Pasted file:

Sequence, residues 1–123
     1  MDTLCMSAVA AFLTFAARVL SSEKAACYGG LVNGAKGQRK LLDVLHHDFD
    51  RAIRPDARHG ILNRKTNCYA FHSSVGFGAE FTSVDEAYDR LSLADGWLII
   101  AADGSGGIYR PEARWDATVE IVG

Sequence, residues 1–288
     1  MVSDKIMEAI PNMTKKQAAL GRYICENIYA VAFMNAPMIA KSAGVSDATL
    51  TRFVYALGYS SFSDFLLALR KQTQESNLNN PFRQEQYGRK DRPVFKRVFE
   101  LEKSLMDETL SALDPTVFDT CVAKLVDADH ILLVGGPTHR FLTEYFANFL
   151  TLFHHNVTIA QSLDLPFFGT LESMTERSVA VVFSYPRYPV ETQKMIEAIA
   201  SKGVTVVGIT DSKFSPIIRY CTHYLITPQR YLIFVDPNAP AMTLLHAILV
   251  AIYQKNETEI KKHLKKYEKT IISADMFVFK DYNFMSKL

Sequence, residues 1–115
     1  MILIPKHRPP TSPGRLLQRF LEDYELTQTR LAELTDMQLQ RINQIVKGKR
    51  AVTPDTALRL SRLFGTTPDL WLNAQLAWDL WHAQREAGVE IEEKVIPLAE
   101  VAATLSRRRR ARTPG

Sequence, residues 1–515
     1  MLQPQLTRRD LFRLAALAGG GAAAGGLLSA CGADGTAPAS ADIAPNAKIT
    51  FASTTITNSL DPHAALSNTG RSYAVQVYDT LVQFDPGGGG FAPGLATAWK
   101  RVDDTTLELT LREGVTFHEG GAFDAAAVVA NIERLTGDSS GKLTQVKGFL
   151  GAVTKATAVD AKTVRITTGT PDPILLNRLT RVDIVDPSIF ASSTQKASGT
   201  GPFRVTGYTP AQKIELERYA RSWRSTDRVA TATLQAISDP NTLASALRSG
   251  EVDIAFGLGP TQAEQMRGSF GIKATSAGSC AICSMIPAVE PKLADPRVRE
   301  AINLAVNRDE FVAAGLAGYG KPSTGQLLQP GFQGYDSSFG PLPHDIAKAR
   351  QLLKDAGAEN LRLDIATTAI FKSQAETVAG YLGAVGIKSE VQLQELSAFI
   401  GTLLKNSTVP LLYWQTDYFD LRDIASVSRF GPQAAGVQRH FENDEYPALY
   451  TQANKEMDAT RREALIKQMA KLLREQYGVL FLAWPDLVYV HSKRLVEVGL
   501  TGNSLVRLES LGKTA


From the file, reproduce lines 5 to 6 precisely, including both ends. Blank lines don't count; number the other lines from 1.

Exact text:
Sequence, residues 1–288
     1  MVSDKIMEAI PNMTKKQAAL GRYICENIYA VAFMNAPMIA KSAGVSDATL